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An illustration of a burglar stealing a political sign from a yard

Maggie Sivit

Stealing campaign signs is a Chicago tradition steeped in machine politics

It was 2:30 a.m. when Ann Brekke was jolted out of a dead sleep. She heard some empty cans clinking around the front yard, then suddenly a car screeching away.

The next morning, Brekke went outside and saw that, yet again, someone had stolen the political yard sign off her lawn.

Sign stealing and other campaign hijinks are par for the course for municipal elections in the Chicago area.



Back in 2007, it was especially rampant in the 50th Ward, where the Wasmer-Brekke family lived. At the time, the family was locked in a heated sign war. Every time they put up signs for Naisy Dolar, they would get swiped. They brainstormed ways to catch the thief, including the one that woke Brekke up in the middle of the night: tying empty cans to a decoy sign, so they’d rattle if it was pulled away.

Recently, the Wasmer-Brekke family asked Curious City who’s behind what seems to be an election time tradition of stealing yard signs.

The family laughs off their sign-stealing saga today, but what they experienced is rooted in Chicago political history. It’s a tradition that goes back more than 100 years, when the city was rebuilding after the Chicago Fire and saloon and brothel owners had great influence. While it’s not what it used to be, election shenanigans still happen today.



Saloons, politicians and the machine

“Sign stealing has been going on as long as signs have been printed,” said Dick Simpson, professor emeritus of political science at the University of Illinois at Chicago.

Simpson, who served as alderperson of the 44th Ward in the 1970s, said the tactic goes back more than a 100 years in Chicago. It was particularly rampant in the rough-and-tumble time of machine politics when patronage jobs and favors were given out in order to win an election.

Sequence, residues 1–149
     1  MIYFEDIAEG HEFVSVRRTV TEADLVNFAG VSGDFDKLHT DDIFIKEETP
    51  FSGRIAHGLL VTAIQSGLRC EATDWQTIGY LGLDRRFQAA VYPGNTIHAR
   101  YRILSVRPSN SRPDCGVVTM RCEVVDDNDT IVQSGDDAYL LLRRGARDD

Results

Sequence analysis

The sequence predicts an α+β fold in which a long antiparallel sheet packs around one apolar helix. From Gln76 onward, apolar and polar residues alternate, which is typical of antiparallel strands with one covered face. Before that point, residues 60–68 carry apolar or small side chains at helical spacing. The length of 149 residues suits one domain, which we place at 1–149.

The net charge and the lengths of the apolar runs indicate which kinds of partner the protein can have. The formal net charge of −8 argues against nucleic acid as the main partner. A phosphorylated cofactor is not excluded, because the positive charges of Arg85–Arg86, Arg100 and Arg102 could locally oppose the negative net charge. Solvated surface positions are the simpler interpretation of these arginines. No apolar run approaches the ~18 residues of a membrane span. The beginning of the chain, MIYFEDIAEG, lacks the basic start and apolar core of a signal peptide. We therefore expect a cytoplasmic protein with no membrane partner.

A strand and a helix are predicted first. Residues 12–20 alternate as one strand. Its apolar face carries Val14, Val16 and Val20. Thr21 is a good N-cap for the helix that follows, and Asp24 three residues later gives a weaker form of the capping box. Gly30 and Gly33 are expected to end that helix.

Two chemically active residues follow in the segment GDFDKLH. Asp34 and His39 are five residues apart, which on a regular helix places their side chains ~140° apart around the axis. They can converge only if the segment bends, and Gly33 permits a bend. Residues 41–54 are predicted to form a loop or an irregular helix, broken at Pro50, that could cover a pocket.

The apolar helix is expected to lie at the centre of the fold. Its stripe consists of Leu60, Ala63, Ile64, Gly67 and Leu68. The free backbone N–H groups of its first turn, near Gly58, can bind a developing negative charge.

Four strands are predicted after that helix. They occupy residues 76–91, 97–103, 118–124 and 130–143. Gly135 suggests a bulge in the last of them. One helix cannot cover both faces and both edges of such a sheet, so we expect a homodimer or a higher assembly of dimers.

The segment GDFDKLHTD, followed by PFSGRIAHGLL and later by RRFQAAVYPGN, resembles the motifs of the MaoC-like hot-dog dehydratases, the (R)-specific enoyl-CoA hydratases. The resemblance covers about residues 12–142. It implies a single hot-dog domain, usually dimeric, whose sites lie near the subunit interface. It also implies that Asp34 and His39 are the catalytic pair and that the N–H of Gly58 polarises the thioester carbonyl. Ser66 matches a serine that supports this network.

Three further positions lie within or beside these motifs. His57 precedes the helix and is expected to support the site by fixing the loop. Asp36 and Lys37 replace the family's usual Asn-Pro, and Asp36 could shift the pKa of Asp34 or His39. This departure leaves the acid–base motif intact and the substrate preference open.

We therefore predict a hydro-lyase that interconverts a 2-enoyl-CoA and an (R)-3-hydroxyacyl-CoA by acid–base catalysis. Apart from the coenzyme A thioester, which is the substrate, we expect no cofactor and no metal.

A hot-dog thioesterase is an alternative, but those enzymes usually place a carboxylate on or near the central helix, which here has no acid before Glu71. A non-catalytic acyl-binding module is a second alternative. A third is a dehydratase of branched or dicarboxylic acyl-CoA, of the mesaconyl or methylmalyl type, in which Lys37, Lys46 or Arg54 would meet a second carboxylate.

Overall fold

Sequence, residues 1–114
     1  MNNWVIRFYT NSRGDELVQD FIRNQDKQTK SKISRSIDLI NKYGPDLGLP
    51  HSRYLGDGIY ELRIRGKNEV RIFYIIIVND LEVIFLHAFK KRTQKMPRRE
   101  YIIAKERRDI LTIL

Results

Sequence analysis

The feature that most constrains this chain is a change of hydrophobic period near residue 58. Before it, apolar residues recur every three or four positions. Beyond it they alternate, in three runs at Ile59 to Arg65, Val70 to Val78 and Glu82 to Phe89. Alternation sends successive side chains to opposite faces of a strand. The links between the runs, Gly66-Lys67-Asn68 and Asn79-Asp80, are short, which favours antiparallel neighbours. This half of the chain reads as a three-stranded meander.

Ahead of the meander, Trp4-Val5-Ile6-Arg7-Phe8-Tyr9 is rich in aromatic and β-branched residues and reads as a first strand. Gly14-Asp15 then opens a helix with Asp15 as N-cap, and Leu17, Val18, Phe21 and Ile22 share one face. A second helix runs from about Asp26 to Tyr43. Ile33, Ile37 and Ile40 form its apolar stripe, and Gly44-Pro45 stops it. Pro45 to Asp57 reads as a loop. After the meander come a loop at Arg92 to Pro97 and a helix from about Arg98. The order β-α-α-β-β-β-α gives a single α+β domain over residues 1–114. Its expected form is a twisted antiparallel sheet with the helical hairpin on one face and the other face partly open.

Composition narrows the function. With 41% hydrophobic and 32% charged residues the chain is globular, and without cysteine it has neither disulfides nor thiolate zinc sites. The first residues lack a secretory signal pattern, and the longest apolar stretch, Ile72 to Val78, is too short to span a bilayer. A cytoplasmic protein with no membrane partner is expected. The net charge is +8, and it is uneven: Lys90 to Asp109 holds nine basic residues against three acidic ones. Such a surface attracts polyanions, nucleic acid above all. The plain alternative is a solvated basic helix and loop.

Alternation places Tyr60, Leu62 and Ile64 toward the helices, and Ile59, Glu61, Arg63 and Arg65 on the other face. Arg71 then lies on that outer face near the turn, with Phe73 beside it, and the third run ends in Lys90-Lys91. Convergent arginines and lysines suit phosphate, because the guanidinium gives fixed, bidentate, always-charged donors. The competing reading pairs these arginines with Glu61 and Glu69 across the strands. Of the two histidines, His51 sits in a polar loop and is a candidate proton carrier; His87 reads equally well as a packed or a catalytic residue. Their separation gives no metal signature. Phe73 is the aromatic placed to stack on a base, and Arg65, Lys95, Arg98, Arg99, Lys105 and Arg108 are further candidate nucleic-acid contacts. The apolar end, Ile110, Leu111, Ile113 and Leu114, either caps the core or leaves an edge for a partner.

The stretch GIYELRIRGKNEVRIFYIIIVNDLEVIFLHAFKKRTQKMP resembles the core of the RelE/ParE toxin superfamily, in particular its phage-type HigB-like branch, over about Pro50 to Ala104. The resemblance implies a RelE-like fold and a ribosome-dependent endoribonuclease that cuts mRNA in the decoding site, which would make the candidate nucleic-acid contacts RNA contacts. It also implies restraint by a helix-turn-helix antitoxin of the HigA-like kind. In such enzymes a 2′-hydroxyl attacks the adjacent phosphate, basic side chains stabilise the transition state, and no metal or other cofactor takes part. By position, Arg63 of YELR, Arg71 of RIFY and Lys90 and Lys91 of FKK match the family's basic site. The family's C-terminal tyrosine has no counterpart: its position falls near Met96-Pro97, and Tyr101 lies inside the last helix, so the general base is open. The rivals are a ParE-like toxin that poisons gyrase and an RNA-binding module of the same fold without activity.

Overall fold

Machine politics in the city can be traced back to 1871, right after the Chicago Fire. A gambler and saloonkeeper named Michael McDonald saw the common interests between saloon and brothel owners and the city’s politicians. He’s credited as the city’s first political boss.

“It was the saloon keepers, the bars, the brothels — [they] would pay off the politicians and the politicians would tell the police not to raid these fine business establishments,” Simpson said.

Simpson said the saloons would also give free lunch and beer to anyone that voted for their preferred candidates. Saloons became so synonymous with politics that in the late 19th century some of the most prominent aldermen were saloon owners.

Machine politics reached its height in the mid-20th century, under former Mayor Richard J. Daley.

By that time, precinct captains and ward committeemen were considered a party’s foot soldiers, and were tasked with shoring up voters’ support, often taking extreme measures.


They did the dirty work or assigned campaign workers with such tasks as sign stealing.

After the Shakman Consent Decree in 1972, hiring and promotions in Chicago and Cook County government were put under federal court oversight. As a result, Simpson said the ward committeeman post is much weaker today, primarily because there are almost no patronage jobs to give out.

However, federal oversight didn’t fix Chicago’s patronage politics overnight, and as a result, campaign workers were still tasked with taking down opponents’ signs into the 2000s.

Dirty tricks

The late Bernard Stone was the longest-serving alderperson of the 50th Ward, where the Wasmer-Brekke family has lived since the late 1990s.